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Retail and manufacturing company Interserve Limited has received a £4.4 million fine for failing to implement appropriate security measures to protect the data of its employees.

What are organisations required to do to protect data under the UK GDPR?

Under Article 5(1)(f) and Article 32 of the UK GDPR, organisations are required to implement appropriate technical and organisational measures (“OTMs”) to ensure the safety and security of personal data. These OTMs can include measures such as encrypting data, implementing training and processes and undertaking data protection impact assessments.

How did Interserve breach these requirements?

The ICOs investigation uncovered that Interserve did not have appropriate OTMs in place to prevent a cyber-attack, which led to a phishing email to allow hackers to access the personal data of up to 113,000 employees in May 2020. This data included information such as contact details, national insurance numbers, and bank account details, as well as special category data including ethnic origin, religion, details of any disabilities, sexual orientation, and health information.

Phishing emails contain links or attached files which, when clicked, will download viruses or other malware that can allow cyber-attackers to access the organisation’s entire network. These emails are often disguised to look as though they are from a known colleague, customer, or supplier.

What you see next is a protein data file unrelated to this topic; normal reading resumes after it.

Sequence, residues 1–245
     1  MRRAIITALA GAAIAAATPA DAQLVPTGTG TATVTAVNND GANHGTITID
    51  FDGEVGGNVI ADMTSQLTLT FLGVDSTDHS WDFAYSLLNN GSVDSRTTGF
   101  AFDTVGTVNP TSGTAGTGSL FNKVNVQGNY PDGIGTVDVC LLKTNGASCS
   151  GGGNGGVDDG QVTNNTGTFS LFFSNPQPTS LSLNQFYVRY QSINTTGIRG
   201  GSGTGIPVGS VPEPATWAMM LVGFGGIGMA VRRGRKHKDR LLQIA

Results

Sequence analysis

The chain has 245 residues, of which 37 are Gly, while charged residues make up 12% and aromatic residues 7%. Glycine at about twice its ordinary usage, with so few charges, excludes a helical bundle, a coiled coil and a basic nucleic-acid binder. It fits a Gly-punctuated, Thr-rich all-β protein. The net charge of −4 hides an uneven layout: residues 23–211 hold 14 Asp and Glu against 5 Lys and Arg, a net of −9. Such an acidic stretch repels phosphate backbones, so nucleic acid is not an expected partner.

The email was forwarded by an employee, and was not blocked by Interserve’s security systems, and the content was downloaded which installed malware onto the employee’s system. The ICO found that although Interserve’s anti-virus software detected the malware, the company did not thoroughly investigate the suspicious activity.

Lessons learned

The above example serves as a stark reminder to organisations that the safety and security of data is of paramount importance, and that a lack of training and other measures, mixed with employee complacency can lead to significant fines from the ICO. John Edwards, the UK Information Commissioner as warned of ‘similar fines’ for organisations that do not properly train staff, update software, or fail to act on warnings.

The maximum fine under the UK GDPR is the higher of £17.5 million or 4% of the organisation’s total annual worldwide turnover, highlighting the potential significant impact of a failure to implement appropriate OTMs.

Please note that this information is for general guidance only and should not substitute professional legal advice. If you have specific concerns, we recommend consulting one of our legal experts.


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